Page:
Western developed patch aims to restore function to damaged heart

A new cardiac patch designed by a Western University professor could help heart attack survivors avoid a transplant by restoring blood pumping function to the organ.

Western Engineering professor Kibret Mequanint, with the help of collaborators at the University of Manitoba, developed the new shape-shifting patch. Unlike other cardiac patches, this one can be folded and squeezed into a syringe or catheter and then injected and transported to the heart where it unfolds into its original shape and integrates to the heart muscle.

“To date, delivery of cardiac patches almost always requires an open-chest surgery,” Mequanint, renowned expert in biomaterials, tissue engineering and regenerative medicine, said in a statement. “These patches are also not electrically conductive, meaning they cannot integrate to the heart muscle for functional recovery.”

Western University Engineering professor Kibret Mequanint. Photo courtesy of Western University.

Western University Engineering professor Kibret Mequanint.

Scar tissue that develops after a heart attack weakens the heart muscle and makes it difficult for the organ to pump enough blood to the body. But the new conductive and injectable cardiac patch was able to restore majority function when tested on a damaged heart in an animal model.

“There are electrical signals running through the heart so when you introduce a cardiac patch, the kind of which developed before, it’s reinforced but the signal is also blocked and that’s a problem,” said Mequanint. “There is no conduction anymore, so the heart doesn’t function properly.”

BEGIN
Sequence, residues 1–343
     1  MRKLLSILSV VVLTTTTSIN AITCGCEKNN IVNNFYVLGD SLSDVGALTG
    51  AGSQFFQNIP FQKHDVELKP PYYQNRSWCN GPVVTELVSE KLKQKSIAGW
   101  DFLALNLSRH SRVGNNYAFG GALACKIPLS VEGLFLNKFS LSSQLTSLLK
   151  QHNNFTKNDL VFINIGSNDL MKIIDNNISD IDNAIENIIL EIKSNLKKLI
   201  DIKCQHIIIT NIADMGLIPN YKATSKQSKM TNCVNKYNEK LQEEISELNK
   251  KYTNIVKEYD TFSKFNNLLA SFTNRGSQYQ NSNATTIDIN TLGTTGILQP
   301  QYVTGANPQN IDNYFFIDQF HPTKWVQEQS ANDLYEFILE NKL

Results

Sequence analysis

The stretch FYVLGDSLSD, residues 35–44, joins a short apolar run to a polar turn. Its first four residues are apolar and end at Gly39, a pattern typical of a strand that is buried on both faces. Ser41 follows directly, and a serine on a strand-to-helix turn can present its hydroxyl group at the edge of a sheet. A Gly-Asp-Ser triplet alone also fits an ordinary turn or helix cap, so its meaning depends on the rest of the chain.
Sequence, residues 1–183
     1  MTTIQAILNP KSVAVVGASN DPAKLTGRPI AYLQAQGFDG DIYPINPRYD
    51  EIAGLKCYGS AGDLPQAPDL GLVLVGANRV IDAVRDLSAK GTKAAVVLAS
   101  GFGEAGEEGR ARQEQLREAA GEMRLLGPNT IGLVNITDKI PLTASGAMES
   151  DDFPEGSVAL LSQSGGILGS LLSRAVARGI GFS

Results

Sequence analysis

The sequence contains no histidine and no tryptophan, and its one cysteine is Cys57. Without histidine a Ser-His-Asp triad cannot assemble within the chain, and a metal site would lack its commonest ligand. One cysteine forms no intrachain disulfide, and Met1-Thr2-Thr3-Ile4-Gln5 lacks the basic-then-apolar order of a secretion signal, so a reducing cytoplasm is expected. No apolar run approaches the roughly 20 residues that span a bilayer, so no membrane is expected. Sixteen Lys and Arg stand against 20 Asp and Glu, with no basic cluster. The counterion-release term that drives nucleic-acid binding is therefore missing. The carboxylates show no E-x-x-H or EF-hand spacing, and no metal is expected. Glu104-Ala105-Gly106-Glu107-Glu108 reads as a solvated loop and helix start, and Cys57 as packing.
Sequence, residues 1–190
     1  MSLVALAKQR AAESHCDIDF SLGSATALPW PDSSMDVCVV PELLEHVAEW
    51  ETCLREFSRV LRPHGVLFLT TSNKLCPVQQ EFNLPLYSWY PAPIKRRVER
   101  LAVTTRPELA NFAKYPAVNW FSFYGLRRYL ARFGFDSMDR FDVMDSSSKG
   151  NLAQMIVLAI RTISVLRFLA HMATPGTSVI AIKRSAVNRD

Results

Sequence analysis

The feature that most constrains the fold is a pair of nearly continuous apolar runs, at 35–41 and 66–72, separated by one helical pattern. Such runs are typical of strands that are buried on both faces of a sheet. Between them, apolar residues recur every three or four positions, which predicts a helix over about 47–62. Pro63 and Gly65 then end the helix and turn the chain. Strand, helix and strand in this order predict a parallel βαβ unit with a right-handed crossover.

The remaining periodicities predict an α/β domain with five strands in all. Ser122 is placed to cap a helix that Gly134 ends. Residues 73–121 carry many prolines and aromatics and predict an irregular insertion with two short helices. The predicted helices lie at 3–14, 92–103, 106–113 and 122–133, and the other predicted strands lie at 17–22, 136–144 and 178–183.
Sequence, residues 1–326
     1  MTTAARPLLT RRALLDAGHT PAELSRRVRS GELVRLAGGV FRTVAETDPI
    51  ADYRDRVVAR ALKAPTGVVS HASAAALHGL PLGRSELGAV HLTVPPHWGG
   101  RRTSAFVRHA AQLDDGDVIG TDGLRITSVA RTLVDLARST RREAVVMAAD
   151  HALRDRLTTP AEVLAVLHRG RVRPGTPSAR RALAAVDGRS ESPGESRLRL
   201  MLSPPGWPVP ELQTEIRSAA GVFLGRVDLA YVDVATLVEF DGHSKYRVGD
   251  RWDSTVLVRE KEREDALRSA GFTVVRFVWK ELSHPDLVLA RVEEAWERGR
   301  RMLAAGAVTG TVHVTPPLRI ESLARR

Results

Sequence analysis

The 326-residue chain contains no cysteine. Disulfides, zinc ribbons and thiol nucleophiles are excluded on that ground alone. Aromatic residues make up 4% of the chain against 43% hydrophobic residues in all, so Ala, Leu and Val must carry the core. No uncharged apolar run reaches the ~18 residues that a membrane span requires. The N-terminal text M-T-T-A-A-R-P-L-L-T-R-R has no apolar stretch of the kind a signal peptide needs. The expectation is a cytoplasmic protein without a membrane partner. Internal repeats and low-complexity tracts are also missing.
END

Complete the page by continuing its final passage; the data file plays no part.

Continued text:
Mequanint’s patch is made from elastin, gelatin, and carbon nanotube with embedded cardiac cells, making it highly conductive and ultra-flexible.

In Canada, there are on average more than 35,000 heart attacks per year, but only 200 heart transplants are performed annually. That has led to a lengthy transplant waiting list in the country. It is hoped the new patch will reduce the number of people requiring transplant after heart failure.

“There just aren’t enough donors so we need other solutions, and we think we have one with our new conductive and injectable cardiac patch,” said Mequanint.

The new patch, detailed in a study published Thursday by the Nature Biomedical Engineering journal, has not yet been tested on a human heart.


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